Wednesday, November 28, 2012


We all train for different reasons, and with different methods. All I know, the more I train, the more I find jiu-jitsu is about self-discovery.

My journey as a beginner white belt was all about creating distance between my partner and myself. I saw guard playing as more challenging, so that's what I focused on. In the beginning, it was all about surviving from side control. I had no guard. Then, as the months flew by, my fights were happening in a defensive half-guard. As soon as I discovered how to be offensive, I was hooked on spider guard. Note the increase of distance between my partner and myself. I was unsure of myself and keen on survival. My Bjj was about defense and creating angles for a sweep.

When I got my blue belt, my confidence started building. I discovered spider guard is pretty hard to play against most people since my legs weren't long enough for putting proper pressure, so I focused a lot on de la riva type techniques. As even more time passed, I closed the distance even more, preferring a type of open guard based on a cross sleeve lapel guard from which it evolved into cross lapel straight sleeve. I built a little game around that and called it a day.

Then one day, it struck me. I was in denial this whole time. My body type is perfect for a close type of bjj. Be it x guard, single leg x or butterfly was all I needed. Mainly because my cross lapel straight sleeve grips were still useful. The only modification I had to make is move my outer hook between the person's knees. That's exactly where I am now, and everything seems to connect from there. From knee picks to armdrags to loop and cross chokes, to overhead sweeps to x guard, it was aaaal there. The only missing piece of the puzzle seems to be a good defensive butterfly guard. That's exactly what I'm working on right now, and I can't wait to see how far this will take me. I just need to get passed another few hundred times, and I just might start building a coherent guard.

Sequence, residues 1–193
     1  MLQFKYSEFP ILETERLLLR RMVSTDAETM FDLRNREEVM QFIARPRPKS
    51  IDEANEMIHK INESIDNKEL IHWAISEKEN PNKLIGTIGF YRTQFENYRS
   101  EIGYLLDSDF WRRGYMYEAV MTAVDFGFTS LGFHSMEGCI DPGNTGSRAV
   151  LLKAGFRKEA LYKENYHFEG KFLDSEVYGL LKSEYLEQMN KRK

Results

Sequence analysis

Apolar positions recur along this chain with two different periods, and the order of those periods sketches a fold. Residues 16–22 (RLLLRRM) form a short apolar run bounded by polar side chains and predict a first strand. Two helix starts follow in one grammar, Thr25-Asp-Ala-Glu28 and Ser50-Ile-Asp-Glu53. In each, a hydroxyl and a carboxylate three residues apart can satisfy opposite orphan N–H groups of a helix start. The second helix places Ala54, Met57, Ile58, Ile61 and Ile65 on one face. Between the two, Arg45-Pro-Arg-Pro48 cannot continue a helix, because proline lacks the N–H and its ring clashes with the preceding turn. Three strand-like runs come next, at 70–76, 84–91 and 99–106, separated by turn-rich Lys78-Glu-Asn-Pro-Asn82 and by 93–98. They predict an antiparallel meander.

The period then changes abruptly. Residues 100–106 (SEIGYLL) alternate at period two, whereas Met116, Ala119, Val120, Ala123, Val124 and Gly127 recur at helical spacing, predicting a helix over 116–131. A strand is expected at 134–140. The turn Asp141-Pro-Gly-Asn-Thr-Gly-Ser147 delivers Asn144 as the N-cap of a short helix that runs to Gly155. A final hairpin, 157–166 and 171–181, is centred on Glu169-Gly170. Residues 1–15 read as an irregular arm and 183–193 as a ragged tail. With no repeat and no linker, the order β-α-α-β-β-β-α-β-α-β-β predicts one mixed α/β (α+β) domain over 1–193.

Friday, November 16, 2012


I guess that at some point at blue belt, everyone hits a significant plateau, and will ask themselves honestly what are they aiming for, why should they keep walking through that door given that they are not getting better. At that point, everybody has to find a personal, yet very strong reason for training, or they will quit. My personal reason might not be good enough for you. 

For me, there are two reasons that motivate me 1. Jiu-jitsu is worth sharing and 2. I can't think of a more useful and fun form of work-out.

Jiu-jitsu is worth sharing, means that there is always something to be learned, and that brings people together. The art is that good. It puts everyone on the same level : everyone is a student, exchanging techniques ! It just feels right. BJJ doesn't belong to any one individual or group. It's a living thing : it grows and evolves with every sparring match, formal class or informal discussion. 

We all know we have to work out. Our physical bodies demand it. As a species, we are inherently competitive, aggressive people. We're hunters gatherers at heart. I think safe martial arts with a live sparring component, can and should be practiced for long periods of time without any major injuries. I can think of Judo and BJJ as examples. Not only do I get a damn good workout, but I also learn self-defense, know my body, build networks, etc.